Freedombone Blog

Freedom in the Cloud

Integrating RSS

Twenty years after the invention of RSS its fortunes as a protocol appear to be dwindling. The Firefox browser has done an especially lamentable job of making RSS easy to use. The main reason for that seems to be not that it isn't a useful technology but that it doesn't readily enable the kinds of surveillance which largely fund the contemporary web. There is typically no tracking on a list of links and traditionally there havn't been many attempts to insert ads into RSS feeds. RSS feeds are also not subject to any AI-driven timeline algorithms which bias some content above others.

RSS readers have existed within Freedombone for a long time, first with Tiny Tiny RSS then SmolRSS and now there is integration of RSS into the web interface via a system called RSS Garden. The aim is to make subscribing to and reading RSS feeds maximally convenient.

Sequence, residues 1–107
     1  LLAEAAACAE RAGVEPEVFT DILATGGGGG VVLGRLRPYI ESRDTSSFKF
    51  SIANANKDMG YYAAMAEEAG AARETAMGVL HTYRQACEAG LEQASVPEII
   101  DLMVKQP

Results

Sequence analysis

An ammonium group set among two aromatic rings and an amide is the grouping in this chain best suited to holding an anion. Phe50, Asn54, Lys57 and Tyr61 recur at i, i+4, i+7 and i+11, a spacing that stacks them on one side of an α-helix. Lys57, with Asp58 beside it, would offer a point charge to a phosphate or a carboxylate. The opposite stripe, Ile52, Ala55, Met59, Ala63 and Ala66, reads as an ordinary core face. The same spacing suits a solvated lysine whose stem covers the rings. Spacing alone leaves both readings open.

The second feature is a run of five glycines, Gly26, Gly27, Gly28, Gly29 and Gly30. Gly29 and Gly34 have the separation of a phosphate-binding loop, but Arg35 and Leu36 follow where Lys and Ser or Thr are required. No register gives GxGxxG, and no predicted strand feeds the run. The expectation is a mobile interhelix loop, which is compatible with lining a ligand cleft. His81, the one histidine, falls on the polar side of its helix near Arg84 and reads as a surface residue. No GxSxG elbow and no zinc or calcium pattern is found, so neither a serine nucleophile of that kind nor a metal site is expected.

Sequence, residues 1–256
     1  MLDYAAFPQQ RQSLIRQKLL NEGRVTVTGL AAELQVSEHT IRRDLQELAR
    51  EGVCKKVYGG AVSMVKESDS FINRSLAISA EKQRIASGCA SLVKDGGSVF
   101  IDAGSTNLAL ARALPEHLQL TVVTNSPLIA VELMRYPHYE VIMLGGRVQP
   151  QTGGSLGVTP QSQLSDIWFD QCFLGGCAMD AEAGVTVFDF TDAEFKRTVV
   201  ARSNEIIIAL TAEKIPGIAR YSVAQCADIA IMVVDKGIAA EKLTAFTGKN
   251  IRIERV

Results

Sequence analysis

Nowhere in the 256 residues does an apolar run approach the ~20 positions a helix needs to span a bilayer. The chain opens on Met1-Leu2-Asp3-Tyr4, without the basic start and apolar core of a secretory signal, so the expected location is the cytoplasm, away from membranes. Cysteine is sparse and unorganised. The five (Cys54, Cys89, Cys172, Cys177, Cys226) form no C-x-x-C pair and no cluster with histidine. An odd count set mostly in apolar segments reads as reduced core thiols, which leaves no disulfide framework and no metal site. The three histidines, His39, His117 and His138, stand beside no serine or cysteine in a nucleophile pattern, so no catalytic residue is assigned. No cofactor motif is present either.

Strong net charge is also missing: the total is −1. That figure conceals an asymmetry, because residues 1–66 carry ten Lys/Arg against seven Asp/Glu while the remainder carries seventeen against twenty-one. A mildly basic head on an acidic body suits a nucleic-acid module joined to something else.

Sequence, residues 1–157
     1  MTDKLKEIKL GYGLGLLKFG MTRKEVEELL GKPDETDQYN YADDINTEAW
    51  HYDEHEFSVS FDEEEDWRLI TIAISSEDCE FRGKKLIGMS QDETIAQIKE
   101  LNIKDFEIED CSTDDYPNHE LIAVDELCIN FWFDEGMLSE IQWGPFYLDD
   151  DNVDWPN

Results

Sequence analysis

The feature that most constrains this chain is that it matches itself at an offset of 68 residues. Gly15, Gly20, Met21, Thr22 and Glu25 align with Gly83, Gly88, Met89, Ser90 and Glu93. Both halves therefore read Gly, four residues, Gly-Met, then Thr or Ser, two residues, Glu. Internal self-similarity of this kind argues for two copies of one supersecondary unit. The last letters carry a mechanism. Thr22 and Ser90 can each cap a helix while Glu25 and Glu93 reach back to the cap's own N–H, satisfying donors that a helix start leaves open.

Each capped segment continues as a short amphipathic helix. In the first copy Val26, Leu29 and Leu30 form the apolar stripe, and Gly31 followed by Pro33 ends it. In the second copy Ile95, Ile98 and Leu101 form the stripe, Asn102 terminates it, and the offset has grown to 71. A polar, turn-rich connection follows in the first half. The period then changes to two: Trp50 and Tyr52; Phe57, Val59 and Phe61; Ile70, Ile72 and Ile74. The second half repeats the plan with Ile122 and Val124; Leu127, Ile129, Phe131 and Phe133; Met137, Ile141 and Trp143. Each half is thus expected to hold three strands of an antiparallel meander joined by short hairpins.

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There's an RSS button you can select on the admin or home screens on the web interface, which lists entries for feeds you're subscribed to and you can add or remove feeds by clicking on the title at the top.

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And of course the web interface is either available on the local network or via an onion address.

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Because the home screen may be available to multiple members of your household adding and removing feeds is only accessible by the admin, so that for example someone can have parental control of what feeds get listed. Later this might be elaborated into a true multi-user reader experience.

RSS integration is currently only available on the buster development branch which is expected to be formally released in one or two months time.

Speeding up Translations

The way that translations happens in Freedombone is maybe not optimal but it's good enough, especially considering that changing the language of the web interface is something which is only going to happen once after setup for the first time. Previously this was quite slow, because behind the scenes what was really occurring was the running of a lot of sed commands on each screen.